Four years ago, Tim Signorotto took his family on an indefinite road trip around Australia. What he wasn’t expecting to find was another family; and a new passion.
Tim Signorotto is used to his title of “the son of Siggy”. Siggy, of course, is Peter Signorotto, a longtime member of Victoria Police and an active Veteran Peer Support officer.
Though Tim chose a different path to that of his father, he’s still an integral part of the police family.
“To this day, I still can’t escape the surname that brings the questions flowing from many current and former Vicpol members,” Tim said.
In 2018, Tim chose to relocate, some 1042km away from Darwin after selling up and hitting the road with his family. It was this trip that found Tim in Northeast Arnhem Land, where he would soon meet the Yolŋu people.
All Yolŋu people in Northeast Arnhem Land belong to one of two divisions, or moieties, called Dhuwa and Yirritja. Children belong to their father’s clan (and moiety), while their mother belongs to another clan (of the other moiety).
“I have grown a passion for the indigenous people and the culture of the area. The Yolŋu people are custodians of the land where I now live and are the most amazing people,” Tim said.
“I have been adopted into a Yolŋu family which brings with it great responsibility, respect and pride.”
Tim says he’s gained roughly 20 wawa’s (brothers), Yupa’s (sisters), Grandchildren (Gutharra), grand parents (Manyi), a Gudi (poison brother) and many more with the Yolŋu’s complex family lines.
It was Tim’s Gudi, Michael Yunuping, that he says showed him the Yolŋu culture and is someone he says he looks up to in the community. Michael has lived in both the Balanda (white) world while studying in Adelaide, and the Yolŋu world, when he returned home to Gunyangara Arnhem Land.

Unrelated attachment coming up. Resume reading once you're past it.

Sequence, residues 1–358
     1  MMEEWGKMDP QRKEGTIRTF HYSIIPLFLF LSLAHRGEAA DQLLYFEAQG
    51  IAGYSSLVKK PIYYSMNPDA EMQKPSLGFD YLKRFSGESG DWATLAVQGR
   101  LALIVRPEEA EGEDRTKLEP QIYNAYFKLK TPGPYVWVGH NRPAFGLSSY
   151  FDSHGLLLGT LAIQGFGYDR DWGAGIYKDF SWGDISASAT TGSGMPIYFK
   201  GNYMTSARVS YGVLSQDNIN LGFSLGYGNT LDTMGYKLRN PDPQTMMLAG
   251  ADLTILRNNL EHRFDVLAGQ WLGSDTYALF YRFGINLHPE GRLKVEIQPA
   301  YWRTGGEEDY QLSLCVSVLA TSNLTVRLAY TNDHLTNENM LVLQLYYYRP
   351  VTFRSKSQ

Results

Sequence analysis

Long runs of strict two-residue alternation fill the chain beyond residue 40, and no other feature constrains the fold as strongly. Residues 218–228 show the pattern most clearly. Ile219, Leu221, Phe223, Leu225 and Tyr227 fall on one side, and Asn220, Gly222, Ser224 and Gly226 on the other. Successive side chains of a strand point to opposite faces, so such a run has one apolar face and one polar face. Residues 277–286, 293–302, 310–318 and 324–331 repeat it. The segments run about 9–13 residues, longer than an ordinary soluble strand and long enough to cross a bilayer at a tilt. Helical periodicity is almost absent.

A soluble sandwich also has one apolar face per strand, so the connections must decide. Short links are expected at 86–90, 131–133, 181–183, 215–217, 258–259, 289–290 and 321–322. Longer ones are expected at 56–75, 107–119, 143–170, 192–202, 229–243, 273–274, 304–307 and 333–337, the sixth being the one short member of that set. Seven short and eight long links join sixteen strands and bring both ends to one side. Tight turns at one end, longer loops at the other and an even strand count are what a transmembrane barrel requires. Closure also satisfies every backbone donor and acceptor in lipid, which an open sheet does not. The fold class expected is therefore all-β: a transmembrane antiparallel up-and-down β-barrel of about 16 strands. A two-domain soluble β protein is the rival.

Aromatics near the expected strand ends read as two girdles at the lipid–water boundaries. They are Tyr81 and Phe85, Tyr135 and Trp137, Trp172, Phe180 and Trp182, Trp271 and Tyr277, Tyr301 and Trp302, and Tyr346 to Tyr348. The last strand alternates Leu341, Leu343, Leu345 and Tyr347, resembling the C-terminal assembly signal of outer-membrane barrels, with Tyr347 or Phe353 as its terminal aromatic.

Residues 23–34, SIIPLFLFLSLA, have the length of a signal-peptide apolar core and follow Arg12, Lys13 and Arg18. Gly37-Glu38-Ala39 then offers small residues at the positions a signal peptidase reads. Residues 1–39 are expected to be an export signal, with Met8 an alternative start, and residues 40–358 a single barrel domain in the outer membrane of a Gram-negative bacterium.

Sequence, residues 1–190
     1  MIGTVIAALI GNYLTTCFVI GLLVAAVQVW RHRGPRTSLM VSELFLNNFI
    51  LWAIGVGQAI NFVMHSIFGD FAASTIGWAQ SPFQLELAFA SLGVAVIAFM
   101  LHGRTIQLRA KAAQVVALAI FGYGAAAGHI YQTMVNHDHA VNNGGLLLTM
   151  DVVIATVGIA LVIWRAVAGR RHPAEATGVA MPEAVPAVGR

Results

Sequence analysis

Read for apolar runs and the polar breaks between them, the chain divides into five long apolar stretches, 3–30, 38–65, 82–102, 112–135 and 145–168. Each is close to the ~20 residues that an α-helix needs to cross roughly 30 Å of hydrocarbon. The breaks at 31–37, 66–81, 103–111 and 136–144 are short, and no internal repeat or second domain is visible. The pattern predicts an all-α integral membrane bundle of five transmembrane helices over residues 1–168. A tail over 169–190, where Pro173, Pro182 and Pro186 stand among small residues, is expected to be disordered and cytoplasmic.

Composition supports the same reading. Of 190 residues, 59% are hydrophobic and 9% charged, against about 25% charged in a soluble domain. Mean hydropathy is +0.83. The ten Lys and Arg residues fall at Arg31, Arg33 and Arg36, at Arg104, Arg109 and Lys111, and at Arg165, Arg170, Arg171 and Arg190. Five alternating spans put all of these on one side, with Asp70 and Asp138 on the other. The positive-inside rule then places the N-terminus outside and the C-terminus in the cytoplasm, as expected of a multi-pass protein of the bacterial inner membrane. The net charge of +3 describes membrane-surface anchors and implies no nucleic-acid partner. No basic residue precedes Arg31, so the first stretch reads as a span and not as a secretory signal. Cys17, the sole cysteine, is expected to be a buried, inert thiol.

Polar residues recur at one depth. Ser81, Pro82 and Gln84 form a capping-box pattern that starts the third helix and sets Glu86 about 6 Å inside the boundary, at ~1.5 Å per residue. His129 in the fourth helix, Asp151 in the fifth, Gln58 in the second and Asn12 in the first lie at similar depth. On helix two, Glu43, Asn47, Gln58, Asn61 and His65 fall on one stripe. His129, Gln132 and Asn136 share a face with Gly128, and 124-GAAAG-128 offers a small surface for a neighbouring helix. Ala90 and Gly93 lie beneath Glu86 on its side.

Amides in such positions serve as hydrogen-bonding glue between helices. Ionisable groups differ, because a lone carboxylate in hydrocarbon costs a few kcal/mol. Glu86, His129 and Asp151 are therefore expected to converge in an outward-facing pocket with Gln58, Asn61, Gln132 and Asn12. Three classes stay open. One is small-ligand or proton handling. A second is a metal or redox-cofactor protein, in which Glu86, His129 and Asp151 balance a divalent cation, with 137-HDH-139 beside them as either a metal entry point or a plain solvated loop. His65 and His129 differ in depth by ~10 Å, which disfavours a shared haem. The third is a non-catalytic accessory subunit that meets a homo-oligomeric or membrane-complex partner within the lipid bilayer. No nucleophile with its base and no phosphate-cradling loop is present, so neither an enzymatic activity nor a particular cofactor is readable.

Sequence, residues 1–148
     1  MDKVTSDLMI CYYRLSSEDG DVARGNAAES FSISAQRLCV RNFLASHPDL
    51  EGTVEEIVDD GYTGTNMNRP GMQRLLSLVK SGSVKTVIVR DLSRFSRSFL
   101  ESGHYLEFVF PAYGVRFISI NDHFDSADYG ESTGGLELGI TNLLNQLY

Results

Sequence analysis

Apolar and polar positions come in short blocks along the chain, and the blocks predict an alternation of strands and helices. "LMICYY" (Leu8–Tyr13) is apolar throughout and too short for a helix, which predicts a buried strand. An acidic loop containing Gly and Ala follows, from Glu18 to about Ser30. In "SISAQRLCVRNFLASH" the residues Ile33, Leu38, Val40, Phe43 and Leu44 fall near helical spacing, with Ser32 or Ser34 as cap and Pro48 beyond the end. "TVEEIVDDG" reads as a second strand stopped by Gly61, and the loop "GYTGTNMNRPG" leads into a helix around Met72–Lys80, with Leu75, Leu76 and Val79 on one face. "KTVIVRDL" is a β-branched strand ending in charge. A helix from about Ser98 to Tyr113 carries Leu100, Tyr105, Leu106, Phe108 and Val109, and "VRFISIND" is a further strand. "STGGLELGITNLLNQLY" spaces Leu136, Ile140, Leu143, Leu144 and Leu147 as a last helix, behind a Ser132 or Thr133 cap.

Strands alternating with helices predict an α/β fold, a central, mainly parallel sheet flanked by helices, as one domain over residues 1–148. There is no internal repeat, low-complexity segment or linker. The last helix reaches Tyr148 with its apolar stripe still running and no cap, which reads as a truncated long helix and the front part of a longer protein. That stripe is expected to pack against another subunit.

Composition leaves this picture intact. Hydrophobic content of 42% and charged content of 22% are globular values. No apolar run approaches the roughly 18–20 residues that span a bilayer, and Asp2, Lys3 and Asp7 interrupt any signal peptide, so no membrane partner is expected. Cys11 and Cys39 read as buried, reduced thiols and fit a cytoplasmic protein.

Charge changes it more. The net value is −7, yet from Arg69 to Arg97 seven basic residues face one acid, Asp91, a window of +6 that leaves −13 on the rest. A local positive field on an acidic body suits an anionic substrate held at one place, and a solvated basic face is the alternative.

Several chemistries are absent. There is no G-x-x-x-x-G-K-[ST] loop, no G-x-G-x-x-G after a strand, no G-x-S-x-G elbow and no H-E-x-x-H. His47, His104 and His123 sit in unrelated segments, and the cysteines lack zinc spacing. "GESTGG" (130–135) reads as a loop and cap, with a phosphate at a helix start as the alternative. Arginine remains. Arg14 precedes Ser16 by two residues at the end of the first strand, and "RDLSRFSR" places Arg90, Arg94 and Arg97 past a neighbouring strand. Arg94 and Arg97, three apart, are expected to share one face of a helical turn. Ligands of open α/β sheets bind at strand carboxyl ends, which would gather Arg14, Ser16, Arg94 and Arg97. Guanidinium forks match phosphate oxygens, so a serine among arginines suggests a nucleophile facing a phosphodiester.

Following his return Michael became the coordinator for the Gunyangara after-school and holiday program; something he says helped him realise the importance of education and employment pathways for Yolŋu youth and “the importance of balancing two worlds”.
“I missed out on a lot of my culture growing up in Adelaide,” Michael told The Mission Newsletter. “Most of my learning of language away from home was through a Yolŋu dictionary and yearly visits back home.”
At 24, Michael set out to start his own business, Mayku Retail (“paperbark tree” in Yolŋu Matha), to help both the broader community and his family as well as provide greater recognition for indigenous artists; something Tim recalls has been an inspiration to the Yolŋu.
Michael Yunupingu and his family, holding Mayku Retail products.
“He’s shown the community children that if you work hard, you can break the cycle that is impacting a lot of the remote communities of the country,” Tim said.
“Michael has involved me with the running of the Gunyagara Drop in Centre in the community and it’s here where my relationships and roots in the community have been cemented.
Now, Michael and I have set out to make his dream a reality.”
In April 2022, Michael received his first consignment of products for Mayku Retail. His Aunty, Dawn Yunuping, is a respected elder and paints traditional indigenous artworks of her totems (in many instances), and provides them to the business for distribution.
Dawn Yunupingu’s work
Michael then sells the paintings and reprints the artwork on products like coffee mugs and stubby coolers, and in return, provides royalties back to Dawn as payment for her “loyalty, ability and hard work”.
To support both his Yolŋu family and the veteran community, Tim has purchased a painting by Dawn to be auctioned off by PVV.
“It is with my connection to the Gunyangara community that I am in a position to donate this painting, as a way to give back to my police family for the support and help they have given to my Dad and our family,” Tim said.
Dawn’s painting, for auction
“The painting will hopefully raise much needed funds to help other veterans in need; a cause my father is very passionate about.”
The painting will be made available on the PVV website, via a silent auction here.